[When] it comes out in half an hour to an hour, that’s my best work and the best writing process. But sometimes you want to analyze it and you want to do more musical notations and arrangements. So, you do your writing process and then you come back and you revise it.
What got you into music?
I was five when I started. My parents put me in piano classes in the Royal Conservatory of Music (RCM) which is grade-based [training]. I went to grade four…I did not love that whole system, I was not very good at it, so I started doing vocals with my piano teacher. Then, I did RCM with vocals. It was a more classical repertoire and recitals. That’s my background in music.
As I got older I experimented with my own music and songwriting. In high school, I met this aspiring producer named Owen. He produced my first single, “A Dream Away.” It’s about reminiscing about someone that was close to you and seeing them in your memory and being close even though you’re far apart.
How would you describe your music style?
It’s pretty pop-based. Sad-pop? Ballad-pop? Pop-ballad-y since the piano is my main instrument. Honestly, it’s just pop with a lot of sadness. More like an authentic style of writing. I really like to be authentic in my writing, if it doesn’t hit hard for me, then to me, it is not good. I really aim to feel super authentic with my lyrics and feel something.
Where does your inspiration come from?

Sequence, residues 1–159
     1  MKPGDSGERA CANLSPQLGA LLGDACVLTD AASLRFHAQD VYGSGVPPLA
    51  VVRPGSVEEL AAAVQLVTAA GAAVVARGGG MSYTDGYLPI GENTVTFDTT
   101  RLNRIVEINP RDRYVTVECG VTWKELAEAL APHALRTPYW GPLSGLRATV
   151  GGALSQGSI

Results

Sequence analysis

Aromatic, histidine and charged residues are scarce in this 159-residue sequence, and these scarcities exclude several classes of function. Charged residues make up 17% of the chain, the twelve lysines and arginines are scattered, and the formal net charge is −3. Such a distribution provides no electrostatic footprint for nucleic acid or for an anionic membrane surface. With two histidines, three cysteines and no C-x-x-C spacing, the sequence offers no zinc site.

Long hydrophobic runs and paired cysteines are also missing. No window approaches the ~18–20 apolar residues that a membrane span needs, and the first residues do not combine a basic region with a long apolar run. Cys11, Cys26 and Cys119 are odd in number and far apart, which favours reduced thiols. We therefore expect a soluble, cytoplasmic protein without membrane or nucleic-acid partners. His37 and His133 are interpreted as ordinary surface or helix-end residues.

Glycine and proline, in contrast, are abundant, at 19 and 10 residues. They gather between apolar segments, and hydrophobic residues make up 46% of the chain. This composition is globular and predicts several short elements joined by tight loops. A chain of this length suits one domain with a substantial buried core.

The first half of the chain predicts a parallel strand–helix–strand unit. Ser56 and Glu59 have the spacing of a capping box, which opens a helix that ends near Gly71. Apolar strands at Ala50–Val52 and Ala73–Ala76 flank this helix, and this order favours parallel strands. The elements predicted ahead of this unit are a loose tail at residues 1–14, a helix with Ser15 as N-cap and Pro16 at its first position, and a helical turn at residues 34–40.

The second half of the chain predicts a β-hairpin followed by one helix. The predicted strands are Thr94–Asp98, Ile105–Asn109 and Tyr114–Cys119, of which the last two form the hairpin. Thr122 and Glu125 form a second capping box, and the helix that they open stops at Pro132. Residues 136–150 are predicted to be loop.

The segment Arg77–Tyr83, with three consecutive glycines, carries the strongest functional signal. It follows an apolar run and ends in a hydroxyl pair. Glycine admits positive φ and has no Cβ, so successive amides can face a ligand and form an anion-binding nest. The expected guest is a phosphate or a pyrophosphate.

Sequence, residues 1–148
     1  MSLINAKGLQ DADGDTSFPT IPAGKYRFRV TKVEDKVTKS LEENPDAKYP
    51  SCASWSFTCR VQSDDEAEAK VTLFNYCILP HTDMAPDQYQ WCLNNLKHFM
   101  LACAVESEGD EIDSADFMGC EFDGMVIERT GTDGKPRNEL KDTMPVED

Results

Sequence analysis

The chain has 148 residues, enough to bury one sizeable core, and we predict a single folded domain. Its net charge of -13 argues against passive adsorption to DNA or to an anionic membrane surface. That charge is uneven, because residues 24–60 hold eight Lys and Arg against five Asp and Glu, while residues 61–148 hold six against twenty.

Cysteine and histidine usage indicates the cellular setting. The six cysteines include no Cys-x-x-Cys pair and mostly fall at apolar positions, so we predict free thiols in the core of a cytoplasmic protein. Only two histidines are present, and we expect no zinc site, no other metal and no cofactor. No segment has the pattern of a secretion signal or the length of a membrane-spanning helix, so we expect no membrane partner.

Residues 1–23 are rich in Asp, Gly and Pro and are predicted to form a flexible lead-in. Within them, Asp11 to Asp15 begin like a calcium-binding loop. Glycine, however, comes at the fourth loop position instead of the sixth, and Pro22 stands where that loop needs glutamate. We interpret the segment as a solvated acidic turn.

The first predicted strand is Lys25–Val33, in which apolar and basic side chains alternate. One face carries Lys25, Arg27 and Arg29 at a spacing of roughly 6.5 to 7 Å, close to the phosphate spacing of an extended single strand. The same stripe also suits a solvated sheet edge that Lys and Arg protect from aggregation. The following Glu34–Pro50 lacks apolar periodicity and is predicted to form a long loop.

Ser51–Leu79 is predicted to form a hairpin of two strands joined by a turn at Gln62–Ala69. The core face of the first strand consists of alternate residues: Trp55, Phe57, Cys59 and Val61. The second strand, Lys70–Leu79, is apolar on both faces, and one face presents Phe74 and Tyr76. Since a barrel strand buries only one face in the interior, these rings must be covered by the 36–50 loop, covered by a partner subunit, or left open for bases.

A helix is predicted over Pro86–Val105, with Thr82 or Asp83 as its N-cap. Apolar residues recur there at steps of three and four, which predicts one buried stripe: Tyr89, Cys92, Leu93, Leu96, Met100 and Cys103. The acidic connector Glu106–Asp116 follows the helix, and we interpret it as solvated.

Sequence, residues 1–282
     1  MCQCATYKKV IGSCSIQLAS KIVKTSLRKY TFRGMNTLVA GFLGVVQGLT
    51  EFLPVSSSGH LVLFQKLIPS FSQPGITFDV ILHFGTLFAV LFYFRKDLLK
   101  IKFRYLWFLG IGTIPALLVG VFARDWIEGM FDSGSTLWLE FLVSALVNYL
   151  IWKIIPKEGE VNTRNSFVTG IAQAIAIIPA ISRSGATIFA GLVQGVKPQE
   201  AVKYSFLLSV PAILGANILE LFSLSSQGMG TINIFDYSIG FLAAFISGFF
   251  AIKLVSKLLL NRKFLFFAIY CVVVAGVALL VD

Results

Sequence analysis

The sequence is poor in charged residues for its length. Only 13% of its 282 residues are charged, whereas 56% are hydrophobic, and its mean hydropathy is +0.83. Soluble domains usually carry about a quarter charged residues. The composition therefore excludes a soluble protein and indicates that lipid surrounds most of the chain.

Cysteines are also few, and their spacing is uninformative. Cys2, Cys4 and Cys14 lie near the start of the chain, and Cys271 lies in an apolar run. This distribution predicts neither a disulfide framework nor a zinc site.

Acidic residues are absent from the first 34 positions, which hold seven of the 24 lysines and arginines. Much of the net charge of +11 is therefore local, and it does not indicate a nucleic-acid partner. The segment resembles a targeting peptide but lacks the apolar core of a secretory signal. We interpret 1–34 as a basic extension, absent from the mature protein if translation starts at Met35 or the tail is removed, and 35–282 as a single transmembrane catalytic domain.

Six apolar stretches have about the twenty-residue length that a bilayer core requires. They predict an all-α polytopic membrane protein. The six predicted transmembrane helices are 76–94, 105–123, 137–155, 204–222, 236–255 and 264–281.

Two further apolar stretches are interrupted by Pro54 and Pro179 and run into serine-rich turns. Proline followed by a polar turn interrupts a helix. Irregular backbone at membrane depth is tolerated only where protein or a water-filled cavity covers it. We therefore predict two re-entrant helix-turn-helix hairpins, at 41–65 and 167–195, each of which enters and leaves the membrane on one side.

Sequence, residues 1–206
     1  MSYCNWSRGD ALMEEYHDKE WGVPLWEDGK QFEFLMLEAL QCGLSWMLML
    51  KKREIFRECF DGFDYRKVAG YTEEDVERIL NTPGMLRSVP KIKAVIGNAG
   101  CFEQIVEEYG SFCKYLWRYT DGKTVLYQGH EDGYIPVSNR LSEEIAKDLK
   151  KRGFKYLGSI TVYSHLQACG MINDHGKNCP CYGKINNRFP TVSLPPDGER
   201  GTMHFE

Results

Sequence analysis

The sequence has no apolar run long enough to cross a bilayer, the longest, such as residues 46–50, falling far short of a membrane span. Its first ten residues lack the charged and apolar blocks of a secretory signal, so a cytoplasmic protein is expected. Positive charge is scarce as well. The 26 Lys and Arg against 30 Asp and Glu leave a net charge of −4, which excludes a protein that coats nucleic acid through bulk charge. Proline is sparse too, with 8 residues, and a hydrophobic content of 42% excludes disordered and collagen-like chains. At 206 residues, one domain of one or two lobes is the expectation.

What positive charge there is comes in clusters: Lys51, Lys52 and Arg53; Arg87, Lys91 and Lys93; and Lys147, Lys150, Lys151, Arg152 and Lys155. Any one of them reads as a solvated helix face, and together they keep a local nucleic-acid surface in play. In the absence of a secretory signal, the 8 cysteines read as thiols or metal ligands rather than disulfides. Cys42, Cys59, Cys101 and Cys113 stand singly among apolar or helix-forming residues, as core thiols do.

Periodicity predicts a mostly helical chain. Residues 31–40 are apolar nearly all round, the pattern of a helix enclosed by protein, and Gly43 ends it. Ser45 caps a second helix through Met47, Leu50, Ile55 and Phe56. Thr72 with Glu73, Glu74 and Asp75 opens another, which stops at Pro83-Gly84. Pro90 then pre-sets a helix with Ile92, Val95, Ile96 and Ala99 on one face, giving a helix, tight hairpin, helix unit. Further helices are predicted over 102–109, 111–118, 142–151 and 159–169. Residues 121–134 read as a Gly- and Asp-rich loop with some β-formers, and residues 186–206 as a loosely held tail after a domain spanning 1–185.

It’s usually from my life or what I’m feeling or what’s bothering me. It’s kind of like my journal entry. I do keep a journal but it’s messy—it’s not poetic!
What message are you trying to spread with your music?
I think I like to focus on making other people feel comforted and less lonely. Like, if they’re struggling with mental health, then feeling [like they can confide] in that. Something they can listen to before they can go to bed if they’re feeling down.
Who are you influenced by?
Olivia Rodrigo and Billie Eilish. Also, recently, Lizzy McAlpine just because she has really [great] songwriting and great lyrics. I try to make songs as visceral as I can in terms of imagery and how it hits.
If you could collaborate with any artist, who would it be?
Kind of random but, probably NF. He’s this authentic, Christian rapper. I wouldn’t say that’s his main niche but he’s just very authentic and soulful with his lyrics. I want to work with rappers. He’d be super cool to work with. I think it would be a great balance of storytelling and I love his sound. And, obviously, Billie Eilish.
Do you have a project you’re most proud of?